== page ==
I accept the fact that writing a biography is bound to have some debate about portrayal. Even stating in Post's prologue that this is an in-depth peek at certain bands and an underground style of music going mainstream, I'm sure I'll hear about how I'm missing something or there's stuff I forgot.
It's not because I'm a lazy researcher; I argue it's because I cannot fully replicate a complete experience in book form. No one can. A book offers a window into life, and can show a very balanced view of it. But experiencing life only comes with living life.
That said, I can't think of anything worse than a significant period in rock music going undocumented. Debate all you want about who or what was more influential, but at least trying to put some sort of thoughtful perspective is better than doing nothing.
I've taken much time and concern for the past four years to make sure my findings are as accurate as possible. I didn't set out to be a "cold fish" investigative reporter, but I didn't want to be some cheerleading fanboy either. I think I achieved a healthy middle ground in the process. I could be wrong.
Being a biographer can be a thankless job. You want to present a balanced and accurate view based on your findings, yet they can still get people up in arms. I know certain people interviewed for Bob Woodward's Wired are still angry with him about his portrayal of John Belushi. (Just read Jim Belushi's quotes in Live from Saturday Night or the Belushi oral history for a sampling.)
Make no mistake, stories told in a compelling way are more, for lack of a better word, compelling to read. I don't think Woodward intentionally sensationalized Belushi's story, but it could have happened in the process. (In hindsight, Woodward's spin of "Why didn't anyone try to stop and save him?" does reek of tabloid-ish cash-grab.)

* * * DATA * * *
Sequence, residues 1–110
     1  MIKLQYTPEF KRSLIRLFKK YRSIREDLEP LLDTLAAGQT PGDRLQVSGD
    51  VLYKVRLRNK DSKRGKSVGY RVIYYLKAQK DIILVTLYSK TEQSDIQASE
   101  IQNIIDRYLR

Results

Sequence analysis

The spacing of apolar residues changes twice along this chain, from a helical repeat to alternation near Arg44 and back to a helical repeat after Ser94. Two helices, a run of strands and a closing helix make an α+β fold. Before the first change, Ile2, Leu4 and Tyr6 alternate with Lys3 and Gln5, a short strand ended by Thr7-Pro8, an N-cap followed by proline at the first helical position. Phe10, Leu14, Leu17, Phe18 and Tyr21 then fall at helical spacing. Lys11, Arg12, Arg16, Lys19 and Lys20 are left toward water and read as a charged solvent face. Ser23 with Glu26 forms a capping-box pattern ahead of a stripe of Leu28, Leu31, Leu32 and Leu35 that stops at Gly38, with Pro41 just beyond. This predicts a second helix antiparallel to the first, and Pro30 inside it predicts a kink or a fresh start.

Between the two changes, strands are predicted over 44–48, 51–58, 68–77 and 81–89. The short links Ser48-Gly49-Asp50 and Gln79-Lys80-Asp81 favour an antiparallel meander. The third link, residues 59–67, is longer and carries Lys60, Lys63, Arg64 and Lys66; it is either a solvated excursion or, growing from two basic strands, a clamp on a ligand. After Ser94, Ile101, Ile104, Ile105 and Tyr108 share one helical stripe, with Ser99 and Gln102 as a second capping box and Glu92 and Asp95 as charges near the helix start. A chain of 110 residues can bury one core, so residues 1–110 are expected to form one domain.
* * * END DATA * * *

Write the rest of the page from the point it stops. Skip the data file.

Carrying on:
So far, I haven't heard this kind of controversy with David Michaelis's recent biography on Peanuts creator, Charles Schulz. Michaelis has received some criticism from Schulz's family over his depiction of Schulz in Schulz and Peanuts: A Biography, but there's a reason why there's an "a" instead of a "the" before "biography" in the title.
Schulz's wives and children no doubt have a different perspective because they had a different experience. They were his spouses and kids for crying out loud. Yet I don't think Michaelis's perspective is less valid because he was a longtime Peanuts fan, interviewed a lot of people close to Schulz and did his homework. I look forward to reading his book so I can come to my own conclusions. If the Schulz children wanted to write their own book, I wouldn't argue their perspective was less valid than Michaelis's.
Again, a biography is no substitute for life or a final word on somebody's life. Yet I find insight to be crucial for those that want to know more about the people behind the art. This stuff didn't pop out of thin air you know.